A Survey on Near Duplicate Web Pages for Web Crawling

DOI : 10.17577/IJERTV2IS90571

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A Survey on Near Duplicate Web Pages for Web Crawling

Lavanya Pamulaparty 1, Dr. M. Sreenivasa Rao 2, Dr. C. V. Guru Rao 3

1 Associate Professor, Department of CSE, MCET, Hyderabad, India.

2 Professor, Director, School of Informatics, JNTUCEH, Hyderabad, India. 3 Professor, Department of CSE, SR Engineering College, Warangal, India.


Web Mining is the application of data mining tech- niques to extract knowledge from Web data. It is a keyword oriented search. The web is flooding with nu- merous copies of web documents so the search engines have to improve the performance of search results by eliminating the duplicate and near duplicate docu- ments. The efficient identification of duplicate and near duplicate pages in a large repository is a significant problem with wide spread applications. In this paper the survey presents an up-to-date review of near dupli- cate detection algorithms used in web crawling.

  1. Introduction

    The amount of information on the web and the number of users using the internet are increasing day by day. There is a need to use this huge volume of infor- mation efficiently and effectively. It is critically impor- tant to help user time and effort. The quick expansion of World Wide Web (WWW) has necessitated users to make use of automated tools like search engines to locate desired information and to follow and asses their usage patterns. So a part of data mining that revolves around assessment of World Wide Web (WWW) is known as Web Mining. It refers to use of data mining techniques to automatically dissolve and extract infor- mation from world wide web documents and servic- es"[1]. Web mining is a keyword oriented search which is used to extract beneficial knowledge from data ac- cessible in the web mining comprises of web content mining [18], web structure mining [19] and Web Usage data mining [20].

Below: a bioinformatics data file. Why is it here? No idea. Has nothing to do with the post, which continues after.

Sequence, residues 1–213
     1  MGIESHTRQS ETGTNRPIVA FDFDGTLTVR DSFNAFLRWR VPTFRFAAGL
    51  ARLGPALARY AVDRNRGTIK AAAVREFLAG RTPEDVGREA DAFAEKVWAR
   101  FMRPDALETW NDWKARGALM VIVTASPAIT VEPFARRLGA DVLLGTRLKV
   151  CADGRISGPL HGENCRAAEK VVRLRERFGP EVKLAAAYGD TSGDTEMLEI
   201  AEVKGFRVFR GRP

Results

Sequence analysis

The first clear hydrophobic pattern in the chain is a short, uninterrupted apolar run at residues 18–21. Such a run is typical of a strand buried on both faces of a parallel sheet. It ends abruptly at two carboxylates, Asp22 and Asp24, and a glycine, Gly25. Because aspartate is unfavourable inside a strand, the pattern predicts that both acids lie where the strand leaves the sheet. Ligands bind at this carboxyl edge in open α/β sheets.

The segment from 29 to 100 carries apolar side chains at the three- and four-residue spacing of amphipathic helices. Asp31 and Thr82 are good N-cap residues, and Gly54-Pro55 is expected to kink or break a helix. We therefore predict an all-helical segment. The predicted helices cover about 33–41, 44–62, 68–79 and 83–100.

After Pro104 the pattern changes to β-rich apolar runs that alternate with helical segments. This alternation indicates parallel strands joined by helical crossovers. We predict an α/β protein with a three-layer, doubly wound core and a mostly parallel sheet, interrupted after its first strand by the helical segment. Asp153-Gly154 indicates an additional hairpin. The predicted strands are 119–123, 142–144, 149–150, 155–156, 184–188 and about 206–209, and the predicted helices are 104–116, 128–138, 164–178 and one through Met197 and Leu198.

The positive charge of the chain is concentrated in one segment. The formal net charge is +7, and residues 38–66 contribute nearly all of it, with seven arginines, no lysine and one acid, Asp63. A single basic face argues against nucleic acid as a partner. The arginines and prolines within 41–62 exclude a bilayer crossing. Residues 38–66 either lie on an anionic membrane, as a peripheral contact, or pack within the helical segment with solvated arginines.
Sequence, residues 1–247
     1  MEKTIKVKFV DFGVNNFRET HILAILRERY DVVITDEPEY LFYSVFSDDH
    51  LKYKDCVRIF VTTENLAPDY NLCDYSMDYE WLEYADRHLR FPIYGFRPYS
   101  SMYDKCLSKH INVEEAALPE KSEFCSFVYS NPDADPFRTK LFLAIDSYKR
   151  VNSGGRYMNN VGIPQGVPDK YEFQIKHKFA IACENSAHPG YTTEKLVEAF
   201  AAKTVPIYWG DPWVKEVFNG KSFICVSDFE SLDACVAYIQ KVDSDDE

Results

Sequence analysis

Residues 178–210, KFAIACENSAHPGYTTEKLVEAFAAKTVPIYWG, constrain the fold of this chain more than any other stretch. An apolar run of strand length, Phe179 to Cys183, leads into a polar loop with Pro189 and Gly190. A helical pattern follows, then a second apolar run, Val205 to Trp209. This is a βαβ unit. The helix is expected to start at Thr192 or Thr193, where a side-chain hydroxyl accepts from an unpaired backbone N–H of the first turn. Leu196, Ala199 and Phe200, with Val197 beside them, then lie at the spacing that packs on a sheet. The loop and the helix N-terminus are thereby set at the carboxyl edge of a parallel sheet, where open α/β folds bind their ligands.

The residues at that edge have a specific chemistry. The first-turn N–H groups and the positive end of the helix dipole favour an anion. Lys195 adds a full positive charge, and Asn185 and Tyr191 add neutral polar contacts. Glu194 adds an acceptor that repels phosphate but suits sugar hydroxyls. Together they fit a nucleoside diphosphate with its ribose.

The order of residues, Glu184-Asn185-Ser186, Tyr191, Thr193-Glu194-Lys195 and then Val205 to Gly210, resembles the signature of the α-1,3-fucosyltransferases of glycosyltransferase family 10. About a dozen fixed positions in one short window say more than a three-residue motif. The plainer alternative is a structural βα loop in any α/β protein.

The search engines are the chief gateways for access of information in the web. Search engines in response to user query produces a list of documents ranked ac-

    cording to closest to the user's request by employing the process of web crawling that populates an indexed repository of web pages [14]. The search engine uses data filtering algorithm which can prevent or detect near duplicate documents to save user's time and effort. Duplicate and Near Duplicate web pages accelerate the space for indexes and cost of serving results. A Search engine with a good ranking function will generally show a negative relation between recall and precision. It will provide most of the relevant results early in the list. Therefore a plot against recall will generally slow down to the right. The curve of a better search engine will tend to remain above that of a poorer search en- gine. For a web search engine, according to replicated documents and sites is desirable for a number of rea- sons: the index becomes smaller, searches get faster and users are not annoyed by several identical res- ponses to a query (keyword or "find similar"). Detect- ing Duplicate and Near Duplicate web pages also helps us to delete duplicate out links during crawling [17], ranking [18], clustering [19] and archiving caching [20] which can lead to significant savings in network and storage systems.